Archives: FAQ

What if I am declined for SSDI?

You have the right to appeal the decision. Always appeal the decision if your claim is denied through the framework provided by the government. Appeals escalate your case through different stages of examination, with the final appeal taking place before an Administrative Law Judge, where you are able to directly speak with the Judge about […]

Who determines if I am disabled?

A state disability determination agency employs claims examiners to determine if an applicant is medically eligible to receive SSDI, SSI, or both. There is a persistent myth that one’s doctor plays a significant role in determination and they really do not. The information they provide is supplied to the state disability determination agency where it […]

How long does SSDI approval take?

The application and appeal process can take anywhere from a few months to a few years. It is best that you apply as soon as possible to get the whole process started and moving forward. Any back award you are entitled to will be based off of the date of your application. The sooner you […]

Do I qualify for Social Security Disability?

The determination for SSDI is handled on a case-by-case basis. Not everyone with a specific medical condition will meet the criteria, as the condition needs to prevent Substantial Gainful Activity. You will need to prove to the Social Security Administration that your condition prevents SGA through providing necessary testimony through paperwork, which will be compared […]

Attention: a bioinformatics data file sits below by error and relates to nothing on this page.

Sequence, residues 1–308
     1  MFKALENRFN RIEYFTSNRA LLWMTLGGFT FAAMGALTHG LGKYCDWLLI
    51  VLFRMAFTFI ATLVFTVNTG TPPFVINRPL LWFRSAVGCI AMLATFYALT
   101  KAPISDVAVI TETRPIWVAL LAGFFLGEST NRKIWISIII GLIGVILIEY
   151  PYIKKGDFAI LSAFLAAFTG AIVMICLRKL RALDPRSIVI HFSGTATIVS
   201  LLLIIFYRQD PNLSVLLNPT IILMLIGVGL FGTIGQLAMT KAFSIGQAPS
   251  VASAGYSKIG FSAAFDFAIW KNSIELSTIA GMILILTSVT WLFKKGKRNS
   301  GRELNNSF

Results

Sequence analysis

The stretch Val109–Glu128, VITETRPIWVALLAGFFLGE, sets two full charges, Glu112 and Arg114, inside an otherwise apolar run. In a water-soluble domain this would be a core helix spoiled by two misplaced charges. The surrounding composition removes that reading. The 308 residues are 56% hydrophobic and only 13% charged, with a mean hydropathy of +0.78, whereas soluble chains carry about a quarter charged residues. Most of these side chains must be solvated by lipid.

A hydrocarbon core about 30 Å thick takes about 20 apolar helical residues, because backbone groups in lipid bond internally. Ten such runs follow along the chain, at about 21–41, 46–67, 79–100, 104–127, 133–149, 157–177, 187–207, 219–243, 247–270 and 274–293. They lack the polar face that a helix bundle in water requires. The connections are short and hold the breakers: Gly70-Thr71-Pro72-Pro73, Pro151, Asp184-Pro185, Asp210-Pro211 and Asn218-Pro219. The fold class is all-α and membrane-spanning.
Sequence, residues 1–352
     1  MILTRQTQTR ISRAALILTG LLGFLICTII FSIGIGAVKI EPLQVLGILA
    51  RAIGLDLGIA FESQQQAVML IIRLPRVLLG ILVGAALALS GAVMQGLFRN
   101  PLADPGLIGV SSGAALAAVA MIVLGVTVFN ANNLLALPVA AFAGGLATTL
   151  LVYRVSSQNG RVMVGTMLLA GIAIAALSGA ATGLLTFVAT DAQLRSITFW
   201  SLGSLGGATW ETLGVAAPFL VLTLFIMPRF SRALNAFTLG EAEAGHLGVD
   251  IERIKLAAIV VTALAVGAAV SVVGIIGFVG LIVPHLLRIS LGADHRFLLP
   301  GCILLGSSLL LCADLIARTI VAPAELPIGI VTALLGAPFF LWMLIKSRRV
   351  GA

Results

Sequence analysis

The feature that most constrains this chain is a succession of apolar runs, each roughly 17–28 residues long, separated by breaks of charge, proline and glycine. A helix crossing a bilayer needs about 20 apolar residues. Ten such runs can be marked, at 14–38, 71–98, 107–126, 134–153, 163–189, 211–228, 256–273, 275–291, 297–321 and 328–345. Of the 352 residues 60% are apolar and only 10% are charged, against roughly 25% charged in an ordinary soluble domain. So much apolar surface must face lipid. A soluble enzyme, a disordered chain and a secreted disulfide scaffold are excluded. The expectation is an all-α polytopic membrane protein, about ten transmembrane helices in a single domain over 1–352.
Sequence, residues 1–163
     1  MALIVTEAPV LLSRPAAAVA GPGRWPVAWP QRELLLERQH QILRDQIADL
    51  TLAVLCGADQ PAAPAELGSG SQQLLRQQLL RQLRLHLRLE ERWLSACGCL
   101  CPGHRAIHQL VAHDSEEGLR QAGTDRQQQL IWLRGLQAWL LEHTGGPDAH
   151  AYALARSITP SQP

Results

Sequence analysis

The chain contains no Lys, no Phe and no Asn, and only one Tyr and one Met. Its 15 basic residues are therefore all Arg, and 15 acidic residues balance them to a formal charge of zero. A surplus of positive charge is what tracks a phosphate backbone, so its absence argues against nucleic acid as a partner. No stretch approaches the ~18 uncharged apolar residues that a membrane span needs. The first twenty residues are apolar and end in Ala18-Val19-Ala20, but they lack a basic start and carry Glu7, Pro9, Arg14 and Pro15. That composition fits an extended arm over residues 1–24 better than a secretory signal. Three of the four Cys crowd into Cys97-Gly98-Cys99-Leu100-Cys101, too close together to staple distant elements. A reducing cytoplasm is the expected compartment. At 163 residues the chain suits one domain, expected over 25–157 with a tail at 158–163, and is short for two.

Do I need a lawyer to apply for SSDI?

No. In fact, many Social Security attorneys will not take on a case until the person has applied for themselves and faced at least one rejection. There are exceptions. You can electronically apply for Social Security Benefits through the website. If you require assistance with the application, you can contact your local Social Security […]

How much do you receive for SSDI?

The amount paid out for SSDI differs from person to person. The Social Security Administration uses a formula based on the amount of income that you’ve paid Social Security taxes on. A majority of SSDI recipients average $1,100 per month with a range of about $700 to $1,700. The maximum award for SSDI is $2,687.

Do I have to be permanently disabled to qualify for SSDI?

No. You may qualify if your medical condition would limit SGA in addition to persisting for at least 12 months. Furthermore, simply having a specific medical condition does not necessarily mean you qualify for SSDI, though there are certain medical conditions that result in expedited, automatic approval. The medical condition must impact your everyday life […]

What is the difference between SSDI and SSI?

Social Security is responsible for two safety net programs that offer monthly payments to people that cannot earn a living or work. These two programs are Social Security Disability Insurance (SSDI) and Supplemental Security Income (SSI). SSDI serves people who have worked and paid taxes into the Social Security system before becoming disabled. An individual […]